Presenting Nidhi Sharma’s views on the occasion of the World Mental Health Day. Nidhi is a multiple time marathoner, enjoys outdoor sports, draws inspiration from mythology and tutors Masters’ students of psychology. She is also the Founder and Principal Counsellor & Coach for Bon Impressions, a counselling and coaching company.
BizNewsConnect: What are the main causes of mental illness?
Nidhi Sharma: There is no single cause for mental illness. A number of factors can contribute to risk for mental illness, such as;
- Our genes and family history
- Our life experiences, such as stress or a history of abuse, especially if they happen in childhood
- Biological factors such as chemical imbalances in the brain
- A traumatc brain injury
- A mother's exposure to viruses or toxic chemicals while pregnant
- Use of alcohol or recreational drugs
- Having a serious medical condition like cancer
- Having few friends, and feeling lonely or isolated
- Emotional experiences, stressful events
BNC: Is it hereditary?
Nidhi: It can be, I personally don’t believe in heredity
BNC: Is bipolar disorder associated with mental illness?
Nidhi: Bipolar is a mental disorder, illness is a rather hard term, people are fully functional however due to the disorder they experience extreme mood swings
BNC: During COVID triggered lockdown, like many other illnesses, mental health issues are also ignored. What is your take? Have patients or their relatives contacting you online?
Nidhi: Yes, this current situation has triggered and brought to surface the emotional challenges that were lurking under the surface and were ignored due to stigma attached to mental health. There is a sense of loss of freedom, lack of privacy, lack of release on anxiety, fear of the future etc. that the situation has brought about, which is leading to stress, anxiety, panic, and in extreme cases violence. There is 30% increase in physical abuse in India during this period. Yes, I have had clients connecting online seeking counselling support
- Please watch The Connect: Positive Psychology by Nidhi Sharma
BNC: What kind of mental health issues have cropped up during the lockdown?
Nidhi: The impact of the lockdown is likely to be heaviest on those who are alone, poor, already psychologically burdened, or out of the mainstream.
Anxiety, Panic, Mood swings, Anger, Irritability, Depression, Increased aggression, PTS are some of the mental health issues that are being seen. Sometime mental health issues manifest in physical issues, acidity, headache, palpitation, stomach ache, body ache, fatigue etc.
BNC: Any new issues? Any new learnings?
Nidhi: Sexual minorities, which are already excluded from most mainstream Indian communities are seen to have a higher impact as they are already isolated. There are also high levels of depression among frontline healthcare workers and people in communities with high infection rates, like those who live in unhygienic environment. Social ostracization fear is also being highly felt.
BNC: What are the age groups that are having these problems during lockdown?
Nidhi: All age groups. Every breathing human is a social animal and community dweller, except perhaps those who are born just before or after lockdown, we require privacy, personal space and above all mental safety
BNC: What kind of precautions that we must take? – Families and those with pre-existing record of mental illness?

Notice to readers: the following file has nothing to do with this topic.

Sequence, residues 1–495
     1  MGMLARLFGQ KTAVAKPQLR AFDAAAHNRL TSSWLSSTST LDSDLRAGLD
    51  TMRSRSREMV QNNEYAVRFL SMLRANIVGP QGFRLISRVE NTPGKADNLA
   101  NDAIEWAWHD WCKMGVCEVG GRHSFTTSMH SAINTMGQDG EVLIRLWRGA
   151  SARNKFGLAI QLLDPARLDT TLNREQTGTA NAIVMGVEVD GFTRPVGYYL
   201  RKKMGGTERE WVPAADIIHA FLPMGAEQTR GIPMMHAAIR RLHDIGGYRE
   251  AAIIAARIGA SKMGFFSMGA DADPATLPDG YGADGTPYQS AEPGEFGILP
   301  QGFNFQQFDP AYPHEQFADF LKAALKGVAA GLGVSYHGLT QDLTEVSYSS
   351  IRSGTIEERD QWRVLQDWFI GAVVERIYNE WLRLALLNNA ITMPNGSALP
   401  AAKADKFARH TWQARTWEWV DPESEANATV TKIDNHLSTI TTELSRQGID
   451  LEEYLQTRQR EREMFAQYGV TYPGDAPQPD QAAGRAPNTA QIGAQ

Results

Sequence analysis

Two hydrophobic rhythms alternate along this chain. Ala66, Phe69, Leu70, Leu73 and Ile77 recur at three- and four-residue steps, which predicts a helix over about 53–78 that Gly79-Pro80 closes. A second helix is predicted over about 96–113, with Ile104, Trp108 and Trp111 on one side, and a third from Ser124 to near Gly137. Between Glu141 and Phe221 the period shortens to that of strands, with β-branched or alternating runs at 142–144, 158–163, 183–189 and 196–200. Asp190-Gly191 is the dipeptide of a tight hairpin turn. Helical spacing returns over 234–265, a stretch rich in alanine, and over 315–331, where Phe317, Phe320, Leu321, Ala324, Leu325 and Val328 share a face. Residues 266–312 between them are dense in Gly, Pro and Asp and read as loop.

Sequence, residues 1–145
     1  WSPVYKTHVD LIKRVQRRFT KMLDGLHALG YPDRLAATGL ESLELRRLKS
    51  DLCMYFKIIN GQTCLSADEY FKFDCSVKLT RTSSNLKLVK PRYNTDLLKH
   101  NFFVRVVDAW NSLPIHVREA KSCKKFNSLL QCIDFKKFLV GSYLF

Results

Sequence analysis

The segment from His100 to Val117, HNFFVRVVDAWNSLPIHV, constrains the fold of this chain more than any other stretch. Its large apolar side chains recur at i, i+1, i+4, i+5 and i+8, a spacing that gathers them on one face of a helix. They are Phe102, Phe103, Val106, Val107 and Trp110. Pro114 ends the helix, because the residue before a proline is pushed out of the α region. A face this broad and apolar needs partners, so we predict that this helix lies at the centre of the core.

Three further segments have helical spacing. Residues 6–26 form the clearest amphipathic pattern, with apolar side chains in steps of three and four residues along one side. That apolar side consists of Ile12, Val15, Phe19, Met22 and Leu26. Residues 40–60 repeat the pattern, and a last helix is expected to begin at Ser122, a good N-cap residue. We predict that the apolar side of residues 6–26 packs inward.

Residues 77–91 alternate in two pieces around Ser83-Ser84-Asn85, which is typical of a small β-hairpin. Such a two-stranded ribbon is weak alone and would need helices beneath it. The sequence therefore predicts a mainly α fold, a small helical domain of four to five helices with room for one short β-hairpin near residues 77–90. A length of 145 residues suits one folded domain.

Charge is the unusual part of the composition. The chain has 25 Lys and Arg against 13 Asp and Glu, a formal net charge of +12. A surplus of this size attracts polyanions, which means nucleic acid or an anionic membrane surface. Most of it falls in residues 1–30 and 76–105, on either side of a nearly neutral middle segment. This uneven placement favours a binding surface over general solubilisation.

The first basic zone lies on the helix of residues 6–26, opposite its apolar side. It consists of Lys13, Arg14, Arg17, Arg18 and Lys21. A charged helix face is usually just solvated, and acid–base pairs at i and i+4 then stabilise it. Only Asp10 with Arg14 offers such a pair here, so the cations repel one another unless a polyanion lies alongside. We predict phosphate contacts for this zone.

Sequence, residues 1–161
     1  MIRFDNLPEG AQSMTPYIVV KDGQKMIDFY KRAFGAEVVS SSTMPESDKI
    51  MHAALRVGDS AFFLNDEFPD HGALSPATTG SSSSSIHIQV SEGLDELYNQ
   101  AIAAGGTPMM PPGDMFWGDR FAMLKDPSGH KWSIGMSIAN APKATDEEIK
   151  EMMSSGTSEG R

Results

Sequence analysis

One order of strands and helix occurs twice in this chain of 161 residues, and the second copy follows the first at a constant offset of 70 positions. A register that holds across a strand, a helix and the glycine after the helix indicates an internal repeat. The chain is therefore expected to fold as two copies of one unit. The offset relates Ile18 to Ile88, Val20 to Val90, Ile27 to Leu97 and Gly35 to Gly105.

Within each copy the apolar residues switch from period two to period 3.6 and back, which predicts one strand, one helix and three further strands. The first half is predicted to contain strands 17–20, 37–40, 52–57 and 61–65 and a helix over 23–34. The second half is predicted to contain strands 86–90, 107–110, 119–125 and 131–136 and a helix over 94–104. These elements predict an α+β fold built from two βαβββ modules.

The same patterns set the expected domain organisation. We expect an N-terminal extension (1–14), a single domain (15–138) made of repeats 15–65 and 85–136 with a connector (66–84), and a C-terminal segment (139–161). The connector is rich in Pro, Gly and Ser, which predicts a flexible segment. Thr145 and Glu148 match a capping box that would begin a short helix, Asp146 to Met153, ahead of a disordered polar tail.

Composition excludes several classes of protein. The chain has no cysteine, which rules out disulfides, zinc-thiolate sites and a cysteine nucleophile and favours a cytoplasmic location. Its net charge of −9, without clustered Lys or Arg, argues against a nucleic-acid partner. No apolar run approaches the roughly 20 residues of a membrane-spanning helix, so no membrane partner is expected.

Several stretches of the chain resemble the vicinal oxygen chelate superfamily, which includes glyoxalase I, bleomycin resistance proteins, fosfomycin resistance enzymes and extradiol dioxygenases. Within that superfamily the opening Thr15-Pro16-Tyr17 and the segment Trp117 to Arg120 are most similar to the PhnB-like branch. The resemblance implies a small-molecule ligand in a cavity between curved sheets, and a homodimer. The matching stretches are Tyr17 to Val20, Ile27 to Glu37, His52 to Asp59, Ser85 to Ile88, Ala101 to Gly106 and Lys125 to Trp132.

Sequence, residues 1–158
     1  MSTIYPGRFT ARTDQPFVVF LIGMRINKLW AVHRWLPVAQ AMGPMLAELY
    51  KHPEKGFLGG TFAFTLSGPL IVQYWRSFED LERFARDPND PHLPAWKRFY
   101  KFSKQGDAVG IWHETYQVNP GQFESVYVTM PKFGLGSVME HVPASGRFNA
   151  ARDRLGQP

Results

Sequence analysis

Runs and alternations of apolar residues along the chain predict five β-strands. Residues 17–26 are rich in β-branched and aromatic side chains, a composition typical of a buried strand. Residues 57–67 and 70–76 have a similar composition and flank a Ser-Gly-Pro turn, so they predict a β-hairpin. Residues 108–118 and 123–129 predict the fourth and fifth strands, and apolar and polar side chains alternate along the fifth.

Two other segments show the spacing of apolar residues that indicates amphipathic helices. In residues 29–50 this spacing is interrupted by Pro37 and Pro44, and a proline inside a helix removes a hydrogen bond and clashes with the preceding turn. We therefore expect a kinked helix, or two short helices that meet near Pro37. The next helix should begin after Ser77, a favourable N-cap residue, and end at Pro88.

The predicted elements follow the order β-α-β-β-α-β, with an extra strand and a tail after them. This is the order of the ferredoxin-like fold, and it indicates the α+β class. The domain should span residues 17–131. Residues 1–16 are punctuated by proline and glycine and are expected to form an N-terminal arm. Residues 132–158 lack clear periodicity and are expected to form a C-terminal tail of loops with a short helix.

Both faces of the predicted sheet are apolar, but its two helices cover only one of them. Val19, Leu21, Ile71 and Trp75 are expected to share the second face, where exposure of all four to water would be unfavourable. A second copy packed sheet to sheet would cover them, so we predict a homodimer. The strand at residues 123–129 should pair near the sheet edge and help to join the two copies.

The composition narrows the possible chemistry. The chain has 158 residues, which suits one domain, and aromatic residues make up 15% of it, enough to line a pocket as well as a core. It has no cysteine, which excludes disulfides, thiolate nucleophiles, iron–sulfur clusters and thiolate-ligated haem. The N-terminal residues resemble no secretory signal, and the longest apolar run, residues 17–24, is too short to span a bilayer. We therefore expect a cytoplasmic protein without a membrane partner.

Nidhi: Love, unconditional acceptance, empathy… primarily be human. We need these qualities more than ever as those who are already disturbed and anxious, are more so now.
BNC: Man is a social animal. Without social contacts he gets mad. Do agree with this? How does one get over this?
Nidhi: I totally agree, if this was not the case we wouldn’t have the mental health challenges. There is a sense of lace of freedom and safety, both intrinsic to human wellbeing, and considering this the situation makes it difficult for us.
One can never “get-over” mental disorders, these have to be managed, just like alcoholism, so seeking professional support is the only way to “get over” or “deal’ with the internal turmoil and situation. Just like when we have stomach infection we readily go to a doctor, when we are stressed or anxious we need to get to a counsellor, who can then help with tools that can manage the issue and go past them
BNC: Any diet recommendations?
Well, eating sattvic food is helpful, as it is nourishing and calming. Fruits and vegetables, drinking water is known to aid our well-being
BNC: My favourite question: Does watching noisy news channels lead to mental disturbance! Most important – how is it impacting children? With online classes, many parents are unable to spend time and even if they do it grudgingly. Doesn’t this create tension both parents and children. Result: Children unable to focus. Are we treating children as commodities?
Nidhi: I have very strong views on parenting … which I might not be able to articulate here very well. It’s not the lockdown that makes parents treat children as commodities...most have been doing so even before. Parents who are conscientious are conscientious in all situations.
Children however are more resilient, flexible and adaptable, they are fearless unless adults tell them otherwise or they experience a trauma, hence I believe if they are treated with affection and responsibility, they will adapt better and go on with their lives happily.
Parents are stressed and hence they stress their kids.
If we can get parents to be more relaxed, more mindful, we will have happier kids, pandemic or not…
BNC: One more question cropped up while talking to people: Do pregnancy/delivery related hormonal changes led to mental disturbance? What care needs to be taken
Nidhi: Pregnancy is known to result into post partem depression. Again, the only care for any mental health challenge is Love, Affection and above all unconditional acceptance and support. We need to see the person and not the challenge or the disorder.